The dragon twitched. The dragon, which is China, twitches every so often, and when it does, ears prick up across the world of trade and finance. Dragons can, as you know, breathe fire when they choose to, and should the Chinese dragon emit a plume or two of flames, ordinary people living as far away as Ashtabula, Ohio, may get their fannies scorched.
The latest twitch took the form of Chinese Premier Wen Jiabao making the apparently tepid remark that his country would "actively explore and expand the channels and methods for using foreign-exchange reserves." The underlying meaning may not be so tepid, for Wen appears to be saying that the day may not be so far off when China is going to slow down giving American consumers credit for merchandise purchases.
Another way of looking at this would be that China may be losing its taste for lending the United States money that indirectly helps America to fight its ever-lengthening series of Middle Eastern wars. Every year America goes a couple of hundred billion bucks deeper into hock  to the dragon.
No sooner had the dragon twitched once than it twitched again a few days later at the World Economic Forum in Davos, Switzerland, where the world's fattest money bags annually meet up with big-time politicians, whatever celebrities happen to be hot at the moment, chittering economists and enough journalists to make sure anything of moment is recorded. It was not the place you would expect to find a Chinese dragon, but the scaly fellow, this time in the person of Madame Wu Xiaoling, the deputy governor of the People's Bank of China, said that holding a trillion dollars' worth of another country's money was enough .
Wu Xiaoling's message, couched in much politer language, was that someday American consumers are either going to have to pay their way or do less shopping at the dragon's mall. This is news that ought to be received with joy in Washington.
For years American Treasury officials, often accompanied by the biggest of big names in America, have been trooping to Beijing to ask, beg, demand and implore the Chinese to let the value of the yuan, as their currency is called, rise in relation to the dollar. Doing so would make American products cheaper abroad, so that more would presumably be sold, while foreign products would become more expensive so that presumably less would be bought by Americans.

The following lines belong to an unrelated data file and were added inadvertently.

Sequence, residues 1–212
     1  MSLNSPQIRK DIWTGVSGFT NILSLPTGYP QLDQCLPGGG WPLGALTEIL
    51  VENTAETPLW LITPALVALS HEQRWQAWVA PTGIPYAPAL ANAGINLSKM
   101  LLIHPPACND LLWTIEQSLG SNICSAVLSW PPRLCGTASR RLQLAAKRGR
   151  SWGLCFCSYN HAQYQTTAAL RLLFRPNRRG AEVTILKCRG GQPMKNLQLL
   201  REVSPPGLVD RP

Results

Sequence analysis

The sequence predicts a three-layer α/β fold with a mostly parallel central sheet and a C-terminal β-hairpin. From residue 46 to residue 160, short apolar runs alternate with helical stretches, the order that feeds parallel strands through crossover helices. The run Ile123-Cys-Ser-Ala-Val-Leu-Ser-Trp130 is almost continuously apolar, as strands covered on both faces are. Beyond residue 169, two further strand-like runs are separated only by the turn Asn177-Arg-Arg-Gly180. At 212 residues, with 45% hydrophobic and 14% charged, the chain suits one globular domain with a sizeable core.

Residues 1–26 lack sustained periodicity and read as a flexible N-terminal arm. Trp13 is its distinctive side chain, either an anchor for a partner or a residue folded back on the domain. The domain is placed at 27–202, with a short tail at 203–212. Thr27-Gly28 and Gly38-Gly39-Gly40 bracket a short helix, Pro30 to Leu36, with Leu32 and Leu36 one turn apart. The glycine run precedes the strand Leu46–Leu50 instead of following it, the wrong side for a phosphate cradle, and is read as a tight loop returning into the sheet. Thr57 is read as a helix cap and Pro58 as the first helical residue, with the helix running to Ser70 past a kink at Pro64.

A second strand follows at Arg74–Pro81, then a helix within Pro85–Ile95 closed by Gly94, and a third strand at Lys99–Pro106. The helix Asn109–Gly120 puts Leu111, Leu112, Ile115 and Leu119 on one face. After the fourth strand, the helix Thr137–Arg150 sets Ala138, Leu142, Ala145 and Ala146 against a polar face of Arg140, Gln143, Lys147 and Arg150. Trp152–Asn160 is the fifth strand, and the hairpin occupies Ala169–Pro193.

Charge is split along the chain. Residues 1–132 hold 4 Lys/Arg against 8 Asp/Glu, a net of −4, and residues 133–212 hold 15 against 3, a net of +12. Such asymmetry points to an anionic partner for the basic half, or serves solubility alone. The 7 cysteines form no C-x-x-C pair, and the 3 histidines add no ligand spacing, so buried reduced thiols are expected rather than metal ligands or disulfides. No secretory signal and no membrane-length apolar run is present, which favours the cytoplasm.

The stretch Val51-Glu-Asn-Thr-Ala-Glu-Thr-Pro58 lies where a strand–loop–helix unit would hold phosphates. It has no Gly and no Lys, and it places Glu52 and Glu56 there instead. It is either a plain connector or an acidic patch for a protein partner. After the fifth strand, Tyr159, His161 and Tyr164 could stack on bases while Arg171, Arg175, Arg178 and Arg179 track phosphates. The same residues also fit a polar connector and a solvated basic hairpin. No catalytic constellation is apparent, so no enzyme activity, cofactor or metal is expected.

Americans claim that the Chinese are cheating by "artificially" keeping the yuan so cheap in relation to the dollar, but that argument is dribble. In these realms everything is "artificial." Money itself is just an idea that people have made up.
The "artificial" thing the Chinese do to keep their currency cheap is to take the dollars we pay them for the stuff we buy from China and put it in their piggy banks instead of spending it. Once those dollars disappear into the piggy banks, there are fewer of them floating around. That makes them scarce, which makes the dollar more expensive.
Why saving dollars is more artificial than spending them is a conundrum past solving. In any case, Washington wants a weak dollar--except when it doesn't. Treasury Secretary Henry Paulson Jr. says, "A strong dollar is clearly in our nation's interest." The whole business is a muddle. Obviously, a strong dollar brings with it financial power for the United States around the globe, even as it accelerates the "great sucking sound" of jobs fleeing overseas.
In the meantime the Chinese dragon seems to be stoking his boiler and is beginning to spend some of his piggy-bank dollars. He's opening his wallet to lock up oil and minerals in South America and Africa. He is using that American money to make deals in the Middle East as people everywhere learn that the yuan spends as good as the dollar.
As he does these things, the dollar will slowly weaken and American exports will slowly grow, but changes in the exchange rate are not going to give us a favorable balance of trade. We are not going to get back to where we once were when we sold the world everything and bought nothing. Not only has the United States exported jobs, it also cannot recapture the productive capacity it has given up. We couldn't make enough shoes or shirts or skirts to clothe ourselves now if we wanted to.
Our money is still good, but not as good as it used to be. We still make many things and very good things, we still have enormous know-how and vast resources of every kind. But we're not St. George anymore. We cannot slay the dragon.